Sympathy for the (White) Devil: Can We At Least Try to Understand Rachel Dolezal?
We live in times of intense racial confusion, tension, and uncertainty. The curious existence of Rachel Dolezal reflects that confusion, tension, and uncertainty in an unusually pure form. But rather than use Dolezal’s emergence as a figure of national and even international controversy as a teachable moment to explore some of the pain and complexities of the current racial moment, we instead chose to cast unstinting judgment on Dolezal and her ideas from a place of unearned moral superiority and certainty.
I’m not saying that Dolezal is right, on any level. She’s not. She’s wrong. But to pretend that we as a nation and a culture aren’t also wrong in so many ways is a poisonous lie that has done minorities and the majority alike a terrible disservice and made racial progress considerably more difficult.
We are quick to judge and condemn, and slow to try to understand and empathize, and I’m not just saying that because I’ve spent so much time writing about Insane Clown Posse and its fans. So instead of asking what would lead Dolezal to behave the way she did, and does, even in the face of overwhelming public condemnation, or trying to understand her motivations we instead seized upon a rare moment of cultural certainty and unity as seemingly everyone on the left and right condemned Dolezal.
In that respect, Dolezal ended up accidentally performing a valuable service both by giving people someone to judge and condemn and look down on (the internet thrives on stern censure and manufactured outrage), something they have habitually always enjoyed, but also by providing a limit on Caucasian fetishization of black culture. Dolezal seemingly indelibly established that while it’s perfect fine for white people to express their love and appreciation and identification with black culture, claiming to be black is undeniably a step too far.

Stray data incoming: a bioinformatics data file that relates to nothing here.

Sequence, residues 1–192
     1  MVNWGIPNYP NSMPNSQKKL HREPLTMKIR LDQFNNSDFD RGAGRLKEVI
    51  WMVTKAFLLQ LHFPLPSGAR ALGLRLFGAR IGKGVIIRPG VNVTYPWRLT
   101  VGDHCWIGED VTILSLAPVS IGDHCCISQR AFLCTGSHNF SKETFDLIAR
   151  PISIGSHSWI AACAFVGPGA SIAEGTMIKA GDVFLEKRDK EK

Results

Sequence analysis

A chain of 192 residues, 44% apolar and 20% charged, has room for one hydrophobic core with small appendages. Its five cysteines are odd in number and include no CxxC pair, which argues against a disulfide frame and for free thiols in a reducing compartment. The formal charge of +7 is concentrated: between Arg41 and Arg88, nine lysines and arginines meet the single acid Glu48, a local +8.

Dolezal gave the left and the right a lot to be enraged about. For progressives, Dolezal defiantly still professing to be Black even though there’s nothing in her genetic makeup to support that claim is the ultimate act of crass cultural appropriation. Dolezal wasn’t just appropriating black hairstyles; she was appropriating blackness in its entirety, and when called out on her appropriation, she doubled down on her claim of blackness.
Dolezal doubly ruined her standing with progressives by professing to be “transracial”, a self-styled designation that understandably and rightfully pissed off the trans community and played into sneering, mocking conservative’s conception of the trans community as mentally ill and delusional. Dolezal’s insistence that she is a black women similarly plays into the conservative narrative that racism now is primarily a matter of racist black people antagonizing guiltless white people. So the notion that a white woman would claim to be black even after her parents outed her as caucasian plays into the conservative idea that minority status long ago stopped being a negative and became so desirable and filled with benefits that of course a white woman who want to pretend that she's black, so that she can collect the infinite rewards that they imagine comes with being black in American society.